I don’t really understand surly.
I get depression because I live with it, but surly – the toxic kind — is a different matter. The two servers who worked tonight, mother and daughter, make a good case for toxic surliness as a psychiatric diagnosis, again, in the same way I needed to see my depression as more than just being overwhelmingly sad. I say all of that not to judge them, but to try and learn something about how to work with them and how to understand them better.
One of the ministries of our church is working with ex-inmates as they try to assimilate back into society. A team of our church members meets with our “partner,” as he is called, once a month to listen, to encourage, and to hold his feet to the fire, as well. As a part of that effort, Ginger went to a training session tonight (that has a name I can’t remember right now) that had to do with understanding how we understand things – cognitive something or other. The woman who led the training used a dropped wallet as an example, going around the room and asking people what they would do if they saw someone drop their wallet. The different answers raised various ethical questions and revealed differing points of view. The leader went on to say in her experience with prisoners that they almost all saw the wallet as at least “finders, keepers,” if not a gift. We can rarely assume we share a common understanding of any situation or issue, which means, among other things, that we have to listen harder to each other.
What I know about the two women I work with, beyond our little restaurant is one important thing: the husband/father in the family died last April. Beyond that, I know they’ve worked at Duke for a good while and the restaurant where we work has pretty much been their domain. I also know I’m the new guy.
Tonight was one of those nights when I saw clearly that we don’t look at life the same way, fundamentally. The first therapist I ever saw told me, “There are two things in life you can change: how you feel and how you act and speak. You can’t change anything else.” His words have always proven true. Applied here, they mean my task is less about figuring them out and more about deciding what I am going to say and do and what I am going to choose to feel about it all.
Man, it would be a hell of a lot easier to just fix them.
My friend Joy Jordan-Lake has a new book called Why Jesus Makes Me Nervous: Ten Alarming Words of Faith, which is well worth the read, I’m proud to say, even though I’m only through about word five. As I’ve been thinking about the two women at work, I went back to something I read in the first chapter, “Resurrection”:
It turns out that the only people who can speak of resurrection with authenticity are the ones who’ve had a good whiff of the inside of a tomb. Resurrection is not a word you can tease and hold hands with for fun unless you’re informed of the risks. Because to talk about resurrection like a personal friend is to talk first about your close acquaintance with death. (3)
When I can be human enough to get over being annoyed and frustrated by their surliness, I see two people who know death far too well and are, like Jesus, acquainted with grief. You don’t learn to put up shields like that unless you were getting beaten a lot. In the process of learning to protect yourself, you learn to lash out as well and get in some good licks before the tide turns against you. I can’t change any of what was done to them or how they’ve learned to survive. I can change my being annoyed or frustrated as a result.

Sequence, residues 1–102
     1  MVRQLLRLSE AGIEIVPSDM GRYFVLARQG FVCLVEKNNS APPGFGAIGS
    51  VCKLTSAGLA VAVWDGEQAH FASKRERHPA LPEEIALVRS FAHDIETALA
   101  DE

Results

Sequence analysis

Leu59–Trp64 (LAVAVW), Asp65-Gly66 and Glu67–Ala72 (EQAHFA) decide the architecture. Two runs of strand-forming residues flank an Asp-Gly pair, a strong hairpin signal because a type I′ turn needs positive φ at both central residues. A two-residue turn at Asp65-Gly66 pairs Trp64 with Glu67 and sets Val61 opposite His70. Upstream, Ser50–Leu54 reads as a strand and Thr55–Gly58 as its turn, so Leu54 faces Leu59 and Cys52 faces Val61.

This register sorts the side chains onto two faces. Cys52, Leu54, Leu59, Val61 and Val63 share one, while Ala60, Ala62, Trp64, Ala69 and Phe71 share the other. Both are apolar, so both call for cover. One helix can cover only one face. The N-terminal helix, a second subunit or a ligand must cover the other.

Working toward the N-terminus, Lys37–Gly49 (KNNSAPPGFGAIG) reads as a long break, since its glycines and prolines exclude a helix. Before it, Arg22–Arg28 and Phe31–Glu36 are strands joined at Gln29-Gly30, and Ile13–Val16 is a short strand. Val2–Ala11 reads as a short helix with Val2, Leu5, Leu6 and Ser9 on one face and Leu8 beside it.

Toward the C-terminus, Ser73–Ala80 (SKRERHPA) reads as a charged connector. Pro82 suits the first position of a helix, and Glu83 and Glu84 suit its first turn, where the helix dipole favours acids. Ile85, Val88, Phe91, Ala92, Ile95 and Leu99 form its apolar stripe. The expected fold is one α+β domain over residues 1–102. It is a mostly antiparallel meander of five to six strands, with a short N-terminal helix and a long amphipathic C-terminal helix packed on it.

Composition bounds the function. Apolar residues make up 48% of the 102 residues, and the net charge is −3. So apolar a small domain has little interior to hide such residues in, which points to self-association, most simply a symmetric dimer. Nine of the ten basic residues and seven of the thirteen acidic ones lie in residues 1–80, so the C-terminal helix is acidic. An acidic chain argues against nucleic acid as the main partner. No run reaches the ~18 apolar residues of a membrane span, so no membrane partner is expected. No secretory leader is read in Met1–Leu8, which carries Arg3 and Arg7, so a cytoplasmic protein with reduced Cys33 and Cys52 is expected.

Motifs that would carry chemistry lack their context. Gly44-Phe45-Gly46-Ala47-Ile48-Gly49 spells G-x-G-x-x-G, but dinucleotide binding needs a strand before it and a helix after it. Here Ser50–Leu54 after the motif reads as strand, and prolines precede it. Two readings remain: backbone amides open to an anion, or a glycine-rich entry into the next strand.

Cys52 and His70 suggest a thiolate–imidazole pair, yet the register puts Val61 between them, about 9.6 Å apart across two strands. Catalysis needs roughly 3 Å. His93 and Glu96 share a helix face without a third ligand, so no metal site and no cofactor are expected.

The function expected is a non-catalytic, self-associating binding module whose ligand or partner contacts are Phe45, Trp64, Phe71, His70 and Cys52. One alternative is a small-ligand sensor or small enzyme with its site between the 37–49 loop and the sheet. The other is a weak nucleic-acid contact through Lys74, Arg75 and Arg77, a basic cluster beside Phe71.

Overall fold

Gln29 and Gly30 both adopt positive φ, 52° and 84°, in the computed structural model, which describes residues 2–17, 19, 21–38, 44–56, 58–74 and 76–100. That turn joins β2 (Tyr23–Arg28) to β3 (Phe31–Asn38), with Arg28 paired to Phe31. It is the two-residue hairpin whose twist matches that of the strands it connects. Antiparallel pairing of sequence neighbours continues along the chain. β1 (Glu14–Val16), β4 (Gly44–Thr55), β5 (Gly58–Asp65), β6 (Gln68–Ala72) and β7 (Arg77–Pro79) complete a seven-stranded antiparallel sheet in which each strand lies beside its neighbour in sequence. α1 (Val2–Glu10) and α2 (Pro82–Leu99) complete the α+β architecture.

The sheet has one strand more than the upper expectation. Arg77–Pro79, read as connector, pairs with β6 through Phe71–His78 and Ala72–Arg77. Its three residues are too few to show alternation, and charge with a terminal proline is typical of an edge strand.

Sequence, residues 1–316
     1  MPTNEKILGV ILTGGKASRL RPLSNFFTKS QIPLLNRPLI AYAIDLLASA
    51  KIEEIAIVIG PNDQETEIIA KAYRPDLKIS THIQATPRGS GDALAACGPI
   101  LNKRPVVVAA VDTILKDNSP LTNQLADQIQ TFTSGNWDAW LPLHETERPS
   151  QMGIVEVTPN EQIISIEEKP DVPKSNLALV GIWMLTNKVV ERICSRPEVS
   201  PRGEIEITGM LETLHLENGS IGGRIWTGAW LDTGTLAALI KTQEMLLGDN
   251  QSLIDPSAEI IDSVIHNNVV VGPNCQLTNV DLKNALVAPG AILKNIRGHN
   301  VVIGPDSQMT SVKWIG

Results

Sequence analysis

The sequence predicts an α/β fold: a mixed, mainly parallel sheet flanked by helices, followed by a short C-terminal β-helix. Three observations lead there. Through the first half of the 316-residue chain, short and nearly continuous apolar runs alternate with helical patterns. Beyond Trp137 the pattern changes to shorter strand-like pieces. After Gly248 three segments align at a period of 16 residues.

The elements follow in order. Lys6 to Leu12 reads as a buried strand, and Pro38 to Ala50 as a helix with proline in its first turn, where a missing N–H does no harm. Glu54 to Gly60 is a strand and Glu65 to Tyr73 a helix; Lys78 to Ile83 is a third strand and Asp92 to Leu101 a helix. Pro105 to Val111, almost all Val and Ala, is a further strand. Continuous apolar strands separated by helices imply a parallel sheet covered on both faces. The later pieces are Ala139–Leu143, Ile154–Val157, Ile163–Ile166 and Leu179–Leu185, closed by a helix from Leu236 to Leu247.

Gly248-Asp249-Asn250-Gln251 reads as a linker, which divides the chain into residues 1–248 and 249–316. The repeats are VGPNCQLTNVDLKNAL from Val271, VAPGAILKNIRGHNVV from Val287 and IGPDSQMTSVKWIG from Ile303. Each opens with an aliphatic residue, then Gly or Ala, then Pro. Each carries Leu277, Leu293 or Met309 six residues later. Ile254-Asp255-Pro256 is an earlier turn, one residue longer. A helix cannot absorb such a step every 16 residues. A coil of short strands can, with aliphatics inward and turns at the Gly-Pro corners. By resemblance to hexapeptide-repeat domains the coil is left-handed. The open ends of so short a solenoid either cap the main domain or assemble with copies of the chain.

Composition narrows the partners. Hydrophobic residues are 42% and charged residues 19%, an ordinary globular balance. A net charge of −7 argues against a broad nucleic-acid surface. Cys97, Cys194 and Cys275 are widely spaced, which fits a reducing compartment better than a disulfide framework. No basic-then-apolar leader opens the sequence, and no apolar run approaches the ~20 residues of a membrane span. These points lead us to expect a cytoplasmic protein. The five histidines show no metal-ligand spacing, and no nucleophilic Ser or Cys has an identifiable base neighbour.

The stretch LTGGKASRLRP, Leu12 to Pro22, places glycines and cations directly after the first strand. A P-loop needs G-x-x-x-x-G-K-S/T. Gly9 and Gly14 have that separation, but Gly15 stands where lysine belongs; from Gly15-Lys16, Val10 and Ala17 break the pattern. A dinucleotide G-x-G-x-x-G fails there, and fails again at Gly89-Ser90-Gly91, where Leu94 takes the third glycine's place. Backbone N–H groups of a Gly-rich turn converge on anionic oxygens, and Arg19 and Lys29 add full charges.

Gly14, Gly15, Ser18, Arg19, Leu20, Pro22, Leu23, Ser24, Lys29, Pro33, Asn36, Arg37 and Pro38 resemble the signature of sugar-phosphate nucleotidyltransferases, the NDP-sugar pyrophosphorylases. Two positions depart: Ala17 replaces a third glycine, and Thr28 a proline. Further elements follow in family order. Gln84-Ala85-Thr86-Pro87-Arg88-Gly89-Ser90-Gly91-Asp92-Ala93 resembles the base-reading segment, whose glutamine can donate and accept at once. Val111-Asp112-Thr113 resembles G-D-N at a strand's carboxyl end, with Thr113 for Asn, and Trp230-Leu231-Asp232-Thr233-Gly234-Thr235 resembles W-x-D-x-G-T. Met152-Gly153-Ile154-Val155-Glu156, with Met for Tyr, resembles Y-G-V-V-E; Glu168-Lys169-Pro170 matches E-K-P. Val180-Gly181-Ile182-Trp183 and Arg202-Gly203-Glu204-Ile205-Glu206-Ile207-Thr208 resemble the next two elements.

This following Jesus to the Cross thing is easier when it’s about special worship services and giving up something rather than having the road run right through the middle of my job. Joy, again:
“Holiness,” said Walter Rauschenbusch, “is goodness on fire.” This captures well the holiness – and danger – of Jesus, his power to attract and disturb, and even to destroy, before re-creation or redemption can occur. . . . Holiness, real holiness, the kind Jesus presents, is not about chains and checklists but hunger. And longing. Finding ourselves desperate for meaning, for purpose, for something bigger and richer and beyond the tawdry this-world that we let define us. Wishing to wipe down the slates of our pasts, clean up our acts, start over again. To live this time for something higher and wider and deeper. More wild. More dangerous. More destructive and creative. More holy. (44, 46)
When I think about being creative in the kitchen, I think about making something tasty out of what I can find there. This week, I’m serving a chipotle-mango glazed salmon over coconut-raisin rice with a pineapple-mango salsa, all because I found mangoes and pineapples and shredded coconut in the walk-in, a small can of chipotle peppers hiding on the spice shelf, and we over ordered on the golden raisins. A dish like that and it’s pretty easy to feel proud of myself.
But a night like tonight and some words from Joy and Jesus – remind me of the true creative and redemptive work I’m being called to do that has less to do with salmon and more to do with surly. When I was in seminary, entertaining delusions of doctoral work, I took a class where we read the Bible in French. The one thing I remember is the translation of “Blessed are the Peacemakers,” when we took the French word for word: “Blessed are those who make peace around them.”
Funny I should remember that now.
I don’t know what the days ahead will hold. I don’t expect to be sitting around in the dining room singing “Kum Ba Ya” anytime soon. I don’t expect them to change.
I’m trusting that I will, with God’s help.